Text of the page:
Good afternoon, colleagues! We're planning a year-long intro course to computer science for middle schoolers and going to use Logo as a main language but also looking for alternatives available to 5-6th graders. I'm looking for learning materials we can start to work from. Can you recommend anything that has a week-by-week plan with homeworks and in-class assignments to see if we're able to fit in limits we have?

Thank you!

  • $\begingroup$ I suggest that you ask a question like this on one of the APCS lists and on the SIGCSE list. You may find people there who have done something like this. $\endgroup$
    – Buffy
    Dec 1, 2020 at 13:39
  • $\begingroup$ You mean mailing lists like this one? sigcse.org/sigcse/membership/mailing-lists.html $\endgroup$
    – paus
    Dec 1, 2020 at 20:07
  • $\begingroup$ Yes, the sigcse members list. You need to join SIGCSE but the cost is reasonable (by US standards, anyway). $\endgroup$
    – Buffy
    Dec 1, 2020 at 20:20
  • 1
    $\begingroup$ MIT Scratch is good to start with, then Berkeley snap has everything you need to teach first year undergrad. Then python turtle module for when you need to do text based. $\endgroup$ Dec 6, 2020 at 16:26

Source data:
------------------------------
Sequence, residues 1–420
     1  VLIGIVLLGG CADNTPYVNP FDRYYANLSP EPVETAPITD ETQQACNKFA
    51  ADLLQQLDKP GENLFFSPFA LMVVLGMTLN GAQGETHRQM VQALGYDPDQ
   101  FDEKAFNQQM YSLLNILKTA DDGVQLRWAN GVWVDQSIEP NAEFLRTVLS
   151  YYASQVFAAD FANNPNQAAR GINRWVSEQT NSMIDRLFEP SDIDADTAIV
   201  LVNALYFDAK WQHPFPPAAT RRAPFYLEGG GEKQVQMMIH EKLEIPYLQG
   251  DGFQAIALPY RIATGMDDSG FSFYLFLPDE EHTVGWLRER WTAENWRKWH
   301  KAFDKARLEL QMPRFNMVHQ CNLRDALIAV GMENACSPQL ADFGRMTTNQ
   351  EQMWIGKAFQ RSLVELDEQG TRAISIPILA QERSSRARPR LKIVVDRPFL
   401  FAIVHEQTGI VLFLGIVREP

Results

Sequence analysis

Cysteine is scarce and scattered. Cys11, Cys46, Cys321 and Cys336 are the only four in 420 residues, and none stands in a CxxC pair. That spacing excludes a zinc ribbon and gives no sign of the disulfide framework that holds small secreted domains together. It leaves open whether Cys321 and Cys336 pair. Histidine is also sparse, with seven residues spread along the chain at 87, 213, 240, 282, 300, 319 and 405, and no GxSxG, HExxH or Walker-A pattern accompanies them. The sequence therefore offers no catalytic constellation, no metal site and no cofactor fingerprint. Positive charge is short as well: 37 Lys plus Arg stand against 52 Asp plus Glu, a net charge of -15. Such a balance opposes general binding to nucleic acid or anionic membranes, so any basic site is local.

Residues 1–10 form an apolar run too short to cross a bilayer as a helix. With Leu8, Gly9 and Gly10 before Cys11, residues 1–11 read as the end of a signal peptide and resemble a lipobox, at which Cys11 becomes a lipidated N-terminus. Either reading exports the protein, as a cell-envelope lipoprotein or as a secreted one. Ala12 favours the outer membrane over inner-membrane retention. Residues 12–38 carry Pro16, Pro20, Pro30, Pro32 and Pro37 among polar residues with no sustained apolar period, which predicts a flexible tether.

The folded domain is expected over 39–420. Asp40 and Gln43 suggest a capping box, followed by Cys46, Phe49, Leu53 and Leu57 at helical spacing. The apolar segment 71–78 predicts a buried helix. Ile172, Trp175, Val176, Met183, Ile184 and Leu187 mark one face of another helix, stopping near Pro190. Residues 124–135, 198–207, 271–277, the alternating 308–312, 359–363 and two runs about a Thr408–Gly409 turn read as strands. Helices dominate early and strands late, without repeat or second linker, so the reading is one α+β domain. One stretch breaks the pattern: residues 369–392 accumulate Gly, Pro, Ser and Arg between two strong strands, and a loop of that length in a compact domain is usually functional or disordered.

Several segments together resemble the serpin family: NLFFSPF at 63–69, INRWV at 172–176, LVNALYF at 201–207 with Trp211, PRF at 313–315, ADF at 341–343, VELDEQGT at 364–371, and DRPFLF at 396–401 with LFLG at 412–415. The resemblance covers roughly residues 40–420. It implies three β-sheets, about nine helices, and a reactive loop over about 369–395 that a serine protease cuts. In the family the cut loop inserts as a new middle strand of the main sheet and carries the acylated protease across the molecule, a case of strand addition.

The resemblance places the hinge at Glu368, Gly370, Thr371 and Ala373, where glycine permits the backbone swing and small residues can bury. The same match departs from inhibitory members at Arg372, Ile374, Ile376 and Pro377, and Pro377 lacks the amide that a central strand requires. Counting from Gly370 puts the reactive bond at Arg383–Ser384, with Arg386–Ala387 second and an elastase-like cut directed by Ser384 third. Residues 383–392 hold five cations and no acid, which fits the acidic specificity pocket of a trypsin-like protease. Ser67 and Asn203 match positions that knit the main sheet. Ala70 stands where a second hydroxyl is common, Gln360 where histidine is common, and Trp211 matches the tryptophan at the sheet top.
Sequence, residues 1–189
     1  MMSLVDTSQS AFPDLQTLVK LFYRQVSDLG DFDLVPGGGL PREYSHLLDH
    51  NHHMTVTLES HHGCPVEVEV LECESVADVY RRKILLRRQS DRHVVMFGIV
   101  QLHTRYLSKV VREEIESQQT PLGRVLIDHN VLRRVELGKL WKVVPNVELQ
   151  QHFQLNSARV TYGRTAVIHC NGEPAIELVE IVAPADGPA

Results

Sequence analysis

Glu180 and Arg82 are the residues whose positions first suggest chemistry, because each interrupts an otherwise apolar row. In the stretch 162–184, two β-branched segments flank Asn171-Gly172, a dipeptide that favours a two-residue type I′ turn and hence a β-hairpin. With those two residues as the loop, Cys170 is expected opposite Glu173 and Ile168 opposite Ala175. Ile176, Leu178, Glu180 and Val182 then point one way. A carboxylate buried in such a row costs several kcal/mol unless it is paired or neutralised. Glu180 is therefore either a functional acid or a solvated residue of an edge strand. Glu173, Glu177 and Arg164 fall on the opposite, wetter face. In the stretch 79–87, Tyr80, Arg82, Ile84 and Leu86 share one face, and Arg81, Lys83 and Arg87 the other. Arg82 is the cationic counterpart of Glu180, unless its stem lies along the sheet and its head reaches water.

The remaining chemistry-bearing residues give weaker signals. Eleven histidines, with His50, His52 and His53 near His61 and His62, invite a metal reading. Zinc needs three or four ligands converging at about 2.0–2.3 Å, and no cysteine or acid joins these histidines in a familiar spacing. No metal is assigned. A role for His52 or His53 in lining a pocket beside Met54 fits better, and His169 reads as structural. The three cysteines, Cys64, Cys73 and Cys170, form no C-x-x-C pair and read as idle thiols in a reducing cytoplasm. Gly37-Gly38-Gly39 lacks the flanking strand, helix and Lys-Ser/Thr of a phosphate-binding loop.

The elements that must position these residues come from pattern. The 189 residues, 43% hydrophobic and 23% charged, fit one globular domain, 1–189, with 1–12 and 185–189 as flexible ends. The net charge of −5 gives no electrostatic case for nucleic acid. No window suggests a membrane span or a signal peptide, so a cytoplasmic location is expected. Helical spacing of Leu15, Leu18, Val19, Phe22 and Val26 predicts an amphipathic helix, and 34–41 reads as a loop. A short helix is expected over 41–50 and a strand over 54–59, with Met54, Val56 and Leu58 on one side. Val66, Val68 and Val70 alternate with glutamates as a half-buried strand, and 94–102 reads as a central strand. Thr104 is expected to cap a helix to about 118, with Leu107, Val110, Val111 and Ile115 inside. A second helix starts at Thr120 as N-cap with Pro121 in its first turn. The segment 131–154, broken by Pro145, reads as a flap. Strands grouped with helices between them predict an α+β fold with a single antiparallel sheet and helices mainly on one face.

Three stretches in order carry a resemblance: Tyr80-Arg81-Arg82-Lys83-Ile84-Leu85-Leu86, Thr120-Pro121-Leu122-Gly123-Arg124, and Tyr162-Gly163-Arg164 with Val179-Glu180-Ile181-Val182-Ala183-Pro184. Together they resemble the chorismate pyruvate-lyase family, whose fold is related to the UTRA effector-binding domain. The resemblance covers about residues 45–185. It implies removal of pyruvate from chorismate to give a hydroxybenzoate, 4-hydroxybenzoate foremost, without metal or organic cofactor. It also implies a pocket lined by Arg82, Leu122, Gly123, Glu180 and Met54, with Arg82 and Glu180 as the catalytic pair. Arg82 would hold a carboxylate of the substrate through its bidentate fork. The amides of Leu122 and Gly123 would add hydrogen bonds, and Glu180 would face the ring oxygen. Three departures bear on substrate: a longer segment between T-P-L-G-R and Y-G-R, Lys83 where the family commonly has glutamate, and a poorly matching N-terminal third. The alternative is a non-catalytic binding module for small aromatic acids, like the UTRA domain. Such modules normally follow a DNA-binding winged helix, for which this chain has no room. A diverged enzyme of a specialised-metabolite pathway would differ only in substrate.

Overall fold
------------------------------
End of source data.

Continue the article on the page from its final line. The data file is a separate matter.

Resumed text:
• $\begingroup$ @Buffy can you share the link to APCS community mailing list with me? I cannot google it by just "apcs mailing list" or "apcs". $\endgroup$
    – paus
    Dec 8, 2020 at 9:55

1 Answer 1


Scratch comes with a large document of day-by-day lessons along with labs. As a side benefit, due to the exploratory nature of Scratch, creating new assignments is fairly simple. "Create a movie about ____" or "create a small game that involves bouncing" or "create a game that responds to sounds as the controls".

Actually, that blank is great. You can tell the students to create a "movie" or a game about any topic the kids are studying elsewhere in the curriculum, and allow them to make use of all of the techniques they've learned and explore other parts of the program.

To my thinking, it's also advantageous to use scratch concurrently with logo, since using two systems will introduce the key computer science concepts twice within two giant, open, exploratory worlds. This increases the chances that the kids will see the parallels and really begin to absorb the computer science concepts.

  • $\begingroup$ Well, Scratch is a good choice for sparking the interest, but for the systematic course we're looking for something with text as basis. Fantasy consoles like pico-8, Coumir with executors: ru.wikipedia.org/wiki/%D0%9A%D1%83%D0%9C%D0%B8%D1%80 etc. Something simple as an ecosystem able to show basic concepts at the core of CS. $\endgroup$
    – paus
    Dec 3, 2020 at 13:21

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